FREQUENTLY ASKED QUESTIONS:
Will my insurance cover the cost of the evaluation and/or therapy?
There is considerable variability in insurance policies. It is the parent’s responsibility to fully understand their policy coverage in order that billing/CPT codes can be correct on your billing statement. This statement can then be submitted to your insurance company for reimbursement. Payments are still due by the 15th of the month regardless of the rate of insurance payments. Our accountant will work with you to avoid overpayments.
What are the ages of the children that you treat?
Children have been infants as young as a week and as old as late teens/early 20’s. Ideally, children treated before 8 years of age are believed to have the most neuroplasticity, and thus demonstrate the most change. Older children improve their skills and the ease with which they complete tasks, but seem to have less permanence than younger children.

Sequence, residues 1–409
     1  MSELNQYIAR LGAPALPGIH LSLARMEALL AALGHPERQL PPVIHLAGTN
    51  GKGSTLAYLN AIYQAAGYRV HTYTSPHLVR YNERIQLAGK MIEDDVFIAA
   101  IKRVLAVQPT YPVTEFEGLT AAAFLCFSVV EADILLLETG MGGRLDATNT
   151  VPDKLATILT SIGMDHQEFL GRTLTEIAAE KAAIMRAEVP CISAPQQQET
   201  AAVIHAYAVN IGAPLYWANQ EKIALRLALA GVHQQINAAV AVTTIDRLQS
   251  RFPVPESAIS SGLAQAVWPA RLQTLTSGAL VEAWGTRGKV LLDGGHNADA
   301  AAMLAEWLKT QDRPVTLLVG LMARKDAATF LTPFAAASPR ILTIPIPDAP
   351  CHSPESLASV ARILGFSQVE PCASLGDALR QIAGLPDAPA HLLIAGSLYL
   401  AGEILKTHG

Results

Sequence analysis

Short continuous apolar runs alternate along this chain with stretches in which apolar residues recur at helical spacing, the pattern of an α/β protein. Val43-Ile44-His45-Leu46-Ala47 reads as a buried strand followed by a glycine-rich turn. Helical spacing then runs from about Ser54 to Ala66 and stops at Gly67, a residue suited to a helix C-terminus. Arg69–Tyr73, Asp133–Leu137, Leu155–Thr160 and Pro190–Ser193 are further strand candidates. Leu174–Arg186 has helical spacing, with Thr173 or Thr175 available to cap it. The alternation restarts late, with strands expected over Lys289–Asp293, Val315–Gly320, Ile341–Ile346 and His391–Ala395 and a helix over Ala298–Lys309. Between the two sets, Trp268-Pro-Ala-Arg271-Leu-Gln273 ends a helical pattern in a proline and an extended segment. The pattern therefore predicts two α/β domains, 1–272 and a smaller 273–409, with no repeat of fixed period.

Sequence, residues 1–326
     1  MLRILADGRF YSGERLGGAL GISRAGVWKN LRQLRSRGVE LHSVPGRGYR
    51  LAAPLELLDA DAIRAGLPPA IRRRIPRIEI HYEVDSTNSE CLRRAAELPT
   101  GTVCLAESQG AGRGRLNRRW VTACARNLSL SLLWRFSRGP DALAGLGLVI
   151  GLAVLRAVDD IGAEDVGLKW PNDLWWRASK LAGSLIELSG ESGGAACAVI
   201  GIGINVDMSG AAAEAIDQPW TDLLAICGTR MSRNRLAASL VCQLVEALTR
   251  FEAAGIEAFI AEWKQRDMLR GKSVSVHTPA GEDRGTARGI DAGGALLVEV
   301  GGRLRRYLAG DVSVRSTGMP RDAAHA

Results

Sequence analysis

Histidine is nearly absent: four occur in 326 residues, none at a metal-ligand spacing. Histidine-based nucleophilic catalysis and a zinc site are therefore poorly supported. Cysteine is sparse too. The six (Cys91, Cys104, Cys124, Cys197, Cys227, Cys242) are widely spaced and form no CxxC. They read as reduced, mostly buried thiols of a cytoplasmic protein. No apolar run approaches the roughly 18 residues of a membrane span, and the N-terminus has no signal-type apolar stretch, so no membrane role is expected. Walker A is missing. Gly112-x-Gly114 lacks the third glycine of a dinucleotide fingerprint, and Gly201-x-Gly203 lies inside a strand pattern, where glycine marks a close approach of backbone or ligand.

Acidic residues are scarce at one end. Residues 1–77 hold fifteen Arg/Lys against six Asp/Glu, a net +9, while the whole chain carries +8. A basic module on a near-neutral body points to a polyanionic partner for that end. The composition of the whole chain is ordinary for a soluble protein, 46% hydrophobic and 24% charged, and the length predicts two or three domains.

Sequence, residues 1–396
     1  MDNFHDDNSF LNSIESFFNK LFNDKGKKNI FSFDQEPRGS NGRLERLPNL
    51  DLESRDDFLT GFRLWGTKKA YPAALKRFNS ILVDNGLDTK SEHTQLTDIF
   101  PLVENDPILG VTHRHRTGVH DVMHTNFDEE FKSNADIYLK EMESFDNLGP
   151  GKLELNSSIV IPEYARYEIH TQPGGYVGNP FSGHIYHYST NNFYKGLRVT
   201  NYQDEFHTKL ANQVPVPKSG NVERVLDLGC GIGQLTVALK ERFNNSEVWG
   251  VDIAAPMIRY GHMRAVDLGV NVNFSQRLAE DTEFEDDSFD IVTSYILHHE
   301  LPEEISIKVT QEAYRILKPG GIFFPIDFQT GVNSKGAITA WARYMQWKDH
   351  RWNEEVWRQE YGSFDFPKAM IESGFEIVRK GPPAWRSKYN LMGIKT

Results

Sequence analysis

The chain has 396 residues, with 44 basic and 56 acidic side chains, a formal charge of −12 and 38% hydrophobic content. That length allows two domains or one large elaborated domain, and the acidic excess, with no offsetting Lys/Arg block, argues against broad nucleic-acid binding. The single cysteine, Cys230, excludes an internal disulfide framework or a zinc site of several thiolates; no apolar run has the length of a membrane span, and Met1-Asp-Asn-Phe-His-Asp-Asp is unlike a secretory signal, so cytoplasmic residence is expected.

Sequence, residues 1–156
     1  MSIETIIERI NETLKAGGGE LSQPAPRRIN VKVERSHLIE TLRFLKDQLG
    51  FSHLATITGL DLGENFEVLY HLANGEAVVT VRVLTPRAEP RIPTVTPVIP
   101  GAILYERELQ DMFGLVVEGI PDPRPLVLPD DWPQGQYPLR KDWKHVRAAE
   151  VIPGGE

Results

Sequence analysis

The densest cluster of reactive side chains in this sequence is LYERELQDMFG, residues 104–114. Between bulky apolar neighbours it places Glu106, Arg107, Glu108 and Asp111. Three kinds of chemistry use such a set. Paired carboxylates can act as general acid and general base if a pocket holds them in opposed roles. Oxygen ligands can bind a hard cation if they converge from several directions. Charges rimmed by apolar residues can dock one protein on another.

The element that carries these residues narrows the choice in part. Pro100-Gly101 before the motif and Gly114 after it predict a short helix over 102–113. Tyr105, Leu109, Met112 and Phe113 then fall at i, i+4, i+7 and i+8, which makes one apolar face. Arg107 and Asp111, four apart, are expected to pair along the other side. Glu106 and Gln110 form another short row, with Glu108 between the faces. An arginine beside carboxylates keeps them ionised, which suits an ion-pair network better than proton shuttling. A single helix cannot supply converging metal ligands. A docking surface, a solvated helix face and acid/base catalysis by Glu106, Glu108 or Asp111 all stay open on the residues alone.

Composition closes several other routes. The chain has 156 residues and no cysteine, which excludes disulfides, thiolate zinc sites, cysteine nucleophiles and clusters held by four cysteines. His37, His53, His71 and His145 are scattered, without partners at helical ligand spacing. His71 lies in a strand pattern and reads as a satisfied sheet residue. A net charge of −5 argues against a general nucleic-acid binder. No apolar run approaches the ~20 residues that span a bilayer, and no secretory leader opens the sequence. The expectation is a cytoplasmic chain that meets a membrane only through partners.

What is the average length of therapy?
Thorough evaluations provide detailed information about each child’s unique nervous system, which guides the treating therapist for the most efficient treatment. The therapist is continually reassessing your child during each treatment session to facilitate change as quickly as possible. The therapist does not “teach” the child specific skills, but establishes the treatment room/area for the child to “play” and engage in the activities which will organize his/her nervous system and help him/her respond appropriately. The therapist is continually adjusting/upgrading the “play” activities to get a desired response. Children are seen individually for an hour 1-2x/week. Treatment may continue on average, from 3 months to 3 years. The duration of therapy is generally less for the younger child and longer when a child is older, but is unique to each child and their specific underlying areas of difficulty, as each nervous system is unique to each child.
How much homework will we have each week?
Your child’s therapist will make suggestions for activities which may be beneficial. We understand that parents cannot be the parent and the therapist. A family’s most important job is to love this child, as the child’s nervous system is undergoing change. Suggestions are designed to be incorporated into a child’s day. As the therapy program progresses, activities which target higher level skill development and may be more routine and beneficial when done on a daily basis, may be suggested.